Occasionally - credit but who is new to accounting may not...

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Occasionally, an account does not have a normal balance. For example, a company's checking  account (an asset) has a credit balance if the account is overdrawn. The way people often use the words  debit  and  credit  in everyday speech is not how accountants use  these words. For example, the word  credit  generally has positive associations when used  conversationally: in school you receive credit for completing a course, a great hockey player may be  a credit to his or her team, and a hopeless romantic may at least deserve credit for trying. Someone  who is familiar with these uses for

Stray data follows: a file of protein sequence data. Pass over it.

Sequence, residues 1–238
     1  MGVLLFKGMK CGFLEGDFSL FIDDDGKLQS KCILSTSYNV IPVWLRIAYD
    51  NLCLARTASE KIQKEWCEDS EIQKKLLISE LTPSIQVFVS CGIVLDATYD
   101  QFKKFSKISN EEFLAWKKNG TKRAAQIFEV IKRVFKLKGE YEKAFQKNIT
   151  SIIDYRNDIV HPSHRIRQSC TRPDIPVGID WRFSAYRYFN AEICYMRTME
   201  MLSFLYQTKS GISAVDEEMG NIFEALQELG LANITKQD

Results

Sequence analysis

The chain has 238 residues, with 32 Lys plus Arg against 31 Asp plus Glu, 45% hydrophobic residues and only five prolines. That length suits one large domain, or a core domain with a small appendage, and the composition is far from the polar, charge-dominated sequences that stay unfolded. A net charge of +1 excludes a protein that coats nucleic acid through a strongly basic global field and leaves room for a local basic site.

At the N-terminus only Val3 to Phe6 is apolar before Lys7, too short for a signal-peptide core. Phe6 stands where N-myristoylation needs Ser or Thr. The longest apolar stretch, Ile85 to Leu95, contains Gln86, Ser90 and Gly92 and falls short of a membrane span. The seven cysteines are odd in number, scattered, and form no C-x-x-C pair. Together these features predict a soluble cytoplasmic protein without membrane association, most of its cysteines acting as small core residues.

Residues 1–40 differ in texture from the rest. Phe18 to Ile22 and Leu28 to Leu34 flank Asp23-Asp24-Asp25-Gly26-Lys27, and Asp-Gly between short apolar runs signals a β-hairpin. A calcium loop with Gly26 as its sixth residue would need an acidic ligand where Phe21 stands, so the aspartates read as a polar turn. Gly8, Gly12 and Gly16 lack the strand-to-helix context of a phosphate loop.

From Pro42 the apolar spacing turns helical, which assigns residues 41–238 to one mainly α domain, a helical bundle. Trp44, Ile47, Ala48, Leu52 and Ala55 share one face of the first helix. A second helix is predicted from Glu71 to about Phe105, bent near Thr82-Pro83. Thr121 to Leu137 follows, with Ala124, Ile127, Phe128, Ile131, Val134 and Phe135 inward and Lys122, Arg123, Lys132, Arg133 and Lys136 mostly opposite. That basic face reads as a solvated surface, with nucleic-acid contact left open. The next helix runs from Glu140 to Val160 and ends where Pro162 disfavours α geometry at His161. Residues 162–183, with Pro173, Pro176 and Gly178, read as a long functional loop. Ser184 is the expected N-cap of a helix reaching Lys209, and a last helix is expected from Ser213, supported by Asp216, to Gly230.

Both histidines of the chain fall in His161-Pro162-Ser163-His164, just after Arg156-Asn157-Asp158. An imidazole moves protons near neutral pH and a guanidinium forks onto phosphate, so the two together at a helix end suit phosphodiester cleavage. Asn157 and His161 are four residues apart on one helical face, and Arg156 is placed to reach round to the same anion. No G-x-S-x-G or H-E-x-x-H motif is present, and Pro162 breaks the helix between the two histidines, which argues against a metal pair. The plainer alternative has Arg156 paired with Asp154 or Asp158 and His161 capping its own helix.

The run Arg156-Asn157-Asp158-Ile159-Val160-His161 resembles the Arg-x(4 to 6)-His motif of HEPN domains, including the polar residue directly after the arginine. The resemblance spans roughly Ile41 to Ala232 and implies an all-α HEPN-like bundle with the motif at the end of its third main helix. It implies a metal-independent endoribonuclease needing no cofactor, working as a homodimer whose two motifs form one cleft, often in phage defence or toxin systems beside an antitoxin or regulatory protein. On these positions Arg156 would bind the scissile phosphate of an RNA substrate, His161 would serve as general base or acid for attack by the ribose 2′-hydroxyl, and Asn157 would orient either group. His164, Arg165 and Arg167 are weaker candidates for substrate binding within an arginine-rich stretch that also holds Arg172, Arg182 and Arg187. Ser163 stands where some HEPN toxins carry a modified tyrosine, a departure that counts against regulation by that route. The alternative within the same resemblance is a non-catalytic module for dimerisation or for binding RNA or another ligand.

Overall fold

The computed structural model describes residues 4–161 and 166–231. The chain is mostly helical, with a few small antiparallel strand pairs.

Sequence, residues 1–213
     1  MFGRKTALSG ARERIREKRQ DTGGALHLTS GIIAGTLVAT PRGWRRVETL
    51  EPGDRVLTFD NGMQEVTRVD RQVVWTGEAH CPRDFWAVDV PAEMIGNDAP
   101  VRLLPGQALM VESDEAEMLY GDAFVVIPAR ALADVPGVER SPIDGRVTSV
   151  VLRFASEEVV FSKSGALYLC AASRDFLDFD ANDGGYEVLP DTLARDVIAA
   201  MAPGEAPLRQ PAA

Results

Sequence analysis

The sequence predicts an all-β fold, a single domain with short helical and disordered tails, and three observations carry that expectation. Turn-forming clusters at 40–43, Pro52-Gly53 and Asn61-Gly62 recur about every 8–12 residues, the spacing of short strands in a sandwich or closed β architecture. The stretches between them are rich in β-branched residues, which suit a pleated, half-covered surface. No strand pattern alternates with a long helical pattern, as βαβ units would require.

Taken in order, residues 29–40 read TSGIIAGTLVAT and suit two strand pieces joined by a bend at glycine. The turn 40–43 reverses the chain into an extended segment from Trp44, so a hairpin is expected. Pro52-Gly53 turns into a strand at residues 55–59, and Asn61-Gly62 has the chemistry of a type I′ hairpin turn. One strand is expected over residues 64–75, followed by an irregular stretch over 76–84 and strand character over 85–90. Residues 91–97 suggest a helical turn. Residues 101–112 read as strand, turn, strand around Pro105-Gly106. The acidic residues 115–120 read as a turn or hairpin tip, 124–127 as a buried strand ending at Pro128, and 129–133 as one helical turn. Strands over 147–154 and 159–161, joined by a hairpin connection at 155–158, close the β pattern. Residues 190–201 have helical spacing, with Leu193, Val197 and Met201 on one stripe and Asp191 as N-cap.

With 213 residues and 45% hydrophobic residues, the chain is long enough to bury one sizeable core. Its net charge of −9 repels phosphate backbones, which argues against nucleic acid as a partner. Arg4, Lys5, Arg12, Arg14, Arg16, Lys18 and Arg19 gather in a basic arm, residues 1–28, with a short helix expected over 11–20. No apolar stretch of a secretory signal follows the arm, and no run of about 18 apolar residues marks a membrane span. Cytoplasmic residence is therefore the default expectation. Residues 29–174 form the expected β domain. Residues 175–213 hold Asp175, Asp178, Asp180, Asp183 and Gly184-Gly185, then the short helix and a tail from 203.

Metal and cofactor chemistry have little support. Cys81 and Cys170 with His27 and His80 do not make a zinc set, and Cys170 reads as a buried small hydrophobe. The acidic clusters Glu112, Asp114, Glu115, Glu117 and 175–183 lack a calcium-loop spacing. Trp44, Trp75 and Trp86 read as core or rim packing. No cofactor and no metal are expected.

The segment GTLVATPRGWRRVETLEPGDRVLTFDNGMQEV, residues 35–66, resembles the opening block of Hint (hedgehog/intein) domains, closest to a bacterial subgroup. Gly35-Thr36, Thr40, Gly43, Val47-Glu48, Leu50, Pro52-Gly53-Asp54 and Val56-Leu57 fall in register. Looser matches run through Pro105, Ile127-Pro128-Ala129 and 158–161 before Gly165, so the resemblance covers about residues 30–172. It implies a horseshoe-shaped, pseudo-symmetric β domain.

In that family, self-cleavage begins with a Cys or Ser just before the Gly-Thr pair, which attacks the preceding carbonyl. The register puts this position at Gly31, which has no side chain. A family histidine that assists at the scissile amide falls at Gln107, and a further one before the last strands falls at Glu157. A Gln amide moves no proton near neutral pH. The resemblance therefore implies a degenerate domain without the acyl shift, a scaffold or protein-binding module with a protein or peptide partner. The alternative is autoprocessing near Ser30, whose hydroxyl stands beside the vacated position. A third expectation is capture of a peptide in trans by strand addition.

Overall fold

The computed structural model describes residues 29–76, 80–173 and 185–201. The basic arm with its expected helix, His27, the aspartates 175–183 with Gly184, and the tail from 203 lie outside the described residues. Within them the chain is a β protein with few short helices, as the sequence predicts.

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Unformatted text preview: credit but who is new to accounting may not immediately associate credits with decreases to asset, expense, and owner's drawing accounts. If a business owner loses $5,000 of the company's cash while gambling, the cash account, which is an asset, must be credited for $5,000. (The accountant who records this entry may also deserve credit for realizing that other job offers merit consideration.) For accounting purposes, think of debit and credit simply in terms of the left-hand and right-hand side of a T account....
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This note was uploaded on 11/14/2011 for the course ACCT 1310 taught by Professor Staff during the Fall '10 term at Texas State.

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